What was advertised in a colonial American newspaper 250 years ago today?
“They intend carrying on their business in all its branches, as they have brought proper tools for that purpose.”
According to an advertisement they placed in the May 4, 1768, edition of the Georgia Gazette, William Sime and Jacob Moses had recently arrived in Savannah and planned to open their own shop in the small port city. They described themselves as “Goldsmith and Jewelers, from LONDON,” but did not indicate if they had migrated directly from the largest city in the empire or if they had practiced their trades in other cities before arriving in Georgia. For the purposes of marketing their services, establishing a connection to the cosmopolitan center of the British Atlantic world mattered most. It implied skill that arose from training and experience as well as familiarity with the most popular fashions.
Sime and Moses informed prospective customers that they were prepared for “carrying on their business in all its branches.” They had “brought proper tools for that purpose” when they moved to Savannah. That they considered it necessary to make this point in their brief advertisement suggests that they anticipated potential clients might be concerned not only about their skill but also whether they possessed the necessary implements to follow through on their pledge of “having their work executed in the neatest manner,” a standard appeal made by artisans of all sorts throughout the eighteenth century.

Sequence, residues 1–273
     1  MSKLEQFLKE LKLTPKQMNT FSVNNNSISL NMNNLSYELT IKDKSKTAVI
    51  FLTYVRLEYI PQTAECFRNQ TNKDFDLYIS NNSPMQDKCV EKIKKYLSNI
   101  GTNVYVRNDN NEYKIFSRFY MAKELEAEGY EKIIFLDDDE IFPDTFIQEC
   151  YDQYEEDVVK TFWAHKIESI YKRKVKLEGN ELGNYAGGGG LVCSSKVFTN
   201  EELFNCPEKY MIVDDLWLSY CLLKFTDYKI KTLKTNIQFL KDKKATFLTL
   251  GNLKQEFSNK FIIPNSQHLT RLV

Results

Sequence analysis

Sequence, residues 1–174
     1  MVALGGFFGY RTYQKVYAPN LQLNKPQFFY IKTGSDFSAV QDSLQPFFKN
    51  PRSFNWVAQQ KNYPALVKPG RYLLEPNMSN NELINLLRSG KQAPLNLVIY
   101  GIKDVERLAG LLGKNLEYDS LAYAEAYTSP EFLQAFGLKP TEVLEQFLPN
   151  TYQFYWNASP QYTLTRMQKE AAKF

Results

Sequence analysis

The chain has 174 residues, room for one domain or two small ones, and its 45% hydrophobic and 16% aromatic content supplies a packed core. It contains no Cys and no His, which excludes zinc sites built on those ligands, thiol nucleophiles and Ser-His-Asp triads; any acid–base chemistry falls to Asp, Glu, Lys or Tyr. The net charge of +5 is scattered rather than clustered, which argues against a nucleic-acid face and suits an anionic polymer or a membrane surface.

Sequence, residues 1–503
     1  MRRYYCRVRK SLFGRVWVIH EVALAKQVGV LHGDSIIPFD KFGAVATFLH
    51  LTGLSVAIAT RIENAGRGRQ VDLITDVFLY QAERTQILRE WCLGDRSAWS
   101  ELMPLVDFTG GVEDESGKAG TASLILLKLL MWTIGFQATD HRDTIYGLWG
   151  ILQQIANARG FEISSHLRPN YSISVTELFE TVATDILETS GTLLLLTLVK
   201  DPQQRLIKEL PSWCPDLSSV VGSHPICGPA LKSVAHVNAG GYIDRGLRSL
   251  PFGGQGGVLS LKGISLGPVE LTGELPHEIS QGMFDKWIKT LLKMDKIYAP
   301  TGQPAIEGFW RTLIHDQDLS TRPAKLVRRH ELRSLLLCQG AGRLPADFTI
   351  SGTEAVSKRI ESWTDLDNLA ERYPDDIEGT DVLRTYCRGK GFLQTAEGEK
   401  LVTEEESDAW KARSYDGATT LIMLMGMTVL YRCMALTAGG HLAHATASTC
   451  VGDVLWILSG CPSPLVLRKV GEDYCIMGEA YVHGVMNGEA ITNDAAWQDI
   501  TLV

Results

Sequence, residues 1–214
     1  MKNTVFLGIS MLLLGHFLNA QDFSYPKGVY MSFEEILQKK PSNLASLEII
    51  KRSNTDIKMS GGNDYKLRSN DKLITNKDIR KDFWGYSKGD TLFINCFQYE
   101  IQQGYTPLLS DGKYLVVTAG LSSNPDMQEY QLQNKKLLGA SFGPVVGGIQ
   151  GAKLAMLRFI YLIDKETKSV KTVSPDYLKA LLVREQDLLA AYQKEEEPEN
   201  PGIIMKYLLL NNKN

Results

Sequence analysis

Many advertisements for consumer goods and services from the period appear indistinguishable at first glance, in part because many incorporated formulaic language to make many of the most common appeals to price, quality, fashion, or skill. Sime and Moses merely reiterated some phrases used in countless other advertisements: “in the neatest manner” and “at the shortest notice.” Yet their notice was not completely unoriginal. Although artisans frequently trumpeted their skill and the quality of their work, very few made reference to the set of specific tools they needed to pursue their craft “in all its branches.” Sime and Moses adapted other advertisements to suit their purposes by adding unique content specific to their trade and their personal circumstances.